Archive for July, 2012

Rose for Emily (and Euphoric Reading)

July 28, 2012

This may sound obvious, but I don’t think it is: Rose for Emily is about victory. This is one of those things that allows me to recognize a kindred spirit: the combination of bitterness and euphoria. Now, the townspeople look to Emily as a kind of primal figure, a reputation that Emily, oddly enough, lives up to. But her position is a chance also to *rewrite* the truth, the origin, the primal. Let’s observe that the townspeople consider it a success too, they have gathered around and found what they were looking for: some sort of novelty of primitivism — but this is not all that important and very different from Emily’s victory.

Now, Emily has in fact a great deal in common with the townsfolk, she is also seeking the primitive. Her victory is not really the ‘punch line’ at the end of the book, but rather, has to do with her sustenance or her life. Basically, she wins if she is independent, if she can live independently of the loops of the world she abandons. At the same time, this corresponds to a truth or a discovery: well, truth in two distinct senses: the truth of history and the truth which is *planted there*, the truth of the primality of the subconscious event rather than the material, ie, truth-writing.

The victory, then, also occurs in two senses: the victory that *negates* the subconsciousness so prevalent, and the victorious hunt, the moment of euphoria. It remains simply to ask what this success is, what we referred to in the last post as the ‘Hunt-Wild-Event’ complex.  TBC!!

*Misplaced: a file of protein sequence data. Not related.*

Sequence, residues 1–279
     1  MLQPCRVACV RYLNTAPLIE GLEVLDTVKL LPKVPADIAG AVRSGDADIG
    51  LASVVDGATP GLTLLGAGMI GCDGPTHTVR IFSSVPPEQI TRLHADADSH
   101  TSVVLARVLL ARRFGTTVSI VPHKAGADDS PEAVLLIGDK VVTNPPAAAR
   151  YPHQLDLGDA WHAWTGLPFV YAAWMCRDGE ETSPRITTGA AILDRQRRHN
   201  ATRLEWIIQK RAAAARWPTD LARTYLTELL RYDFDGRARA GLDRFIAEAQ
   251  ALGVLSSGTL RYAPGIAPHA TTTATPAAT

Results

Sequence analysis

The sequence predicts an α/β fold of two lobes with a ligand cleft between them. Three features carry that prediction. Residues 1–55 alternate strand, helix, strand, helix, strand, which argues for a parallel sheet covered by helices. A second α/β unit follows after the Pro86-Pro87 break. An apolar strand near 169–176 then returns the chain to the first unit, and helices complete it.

July 27, 2012

This is something I have written in my notes, just to whet the our appetite: “Literature is nothing.”

This is kind of stupid, since we’re using scare-words. But that is good enough for my notes, the idea there I find striking. Literature is something that is certainly real and whole to us, we would rather say that it is “volatile”, that it is capable of shifting in meaning and function. But our overall task is really to write a history where everything goes through literature, where literature is basically a “site” and no more. We’re really saying that literature is not a “component”, we proposed a “componential history” in the previous note. We’ve spoken about a few components: the hunt (that is, the search for an origin, based on our distance or absence from the origin), the wild (the place where our hunt is stressed, distorted). But literature is not a component, it is place where things pass through, it is sort of a frozen moment. It is not volatile because it is not whole, ie, it is not a whole thing that shifts or moves as a unit.

But there is a third component, which we have long been thinking about, which is “the event”. Literature is the place of an event, and this is because it is material. Hunt, wild, and event / material, that is basically the three components that we want to work with, and literature is that which lies in the space between the three. I think this thought is striking, since we tend to start with the notion that literature is “something”. This is really a methodological principle.